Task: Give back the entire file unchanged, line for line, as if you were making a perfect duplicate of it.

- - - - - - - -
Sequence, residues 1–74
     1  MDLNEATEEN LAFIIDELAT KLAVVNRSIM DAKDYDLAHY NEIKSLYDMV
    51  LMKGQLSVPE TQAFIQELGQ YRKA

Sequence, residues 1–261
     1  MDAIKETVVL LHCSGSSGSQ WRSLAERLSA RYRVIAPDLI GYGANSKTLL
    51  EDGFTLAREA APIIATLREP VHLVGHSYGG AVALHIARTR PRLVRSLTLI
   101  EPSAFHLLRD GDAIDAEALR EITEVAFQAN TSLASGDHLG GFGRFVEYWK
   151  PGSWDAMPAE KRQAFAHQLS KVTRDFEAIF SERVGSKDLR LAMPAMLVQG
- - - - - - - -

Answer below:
Sequence, residues 1–74
     1  MDLNEATEEN LAFIIDELAT KLAVVNRSIM DAKDYDLAHY NEIKSLYDMV
    51  LMKGQLSVPE TQAFIQELGQ YRKA

Sequence, residues 1–261
     1  MDAIKETVVL LHCSGSSGSQ WRSLAERLSA RYRVIAPDLI GYGANSKTLL
    51  EDGFTLAREA APIIATLREP VHLVGHSYGG AVALHIARTR PRLVRSLTLI
   101  EPSAFHLLRD GDAIDAEALR EITEVAFQAN TSLASGDHLG GFGRFVEYWK
   151  PGSWDAMPAE KRQAFAHQLS KVTRDFEAIF SERVGSKDLR LAMPAMLVQG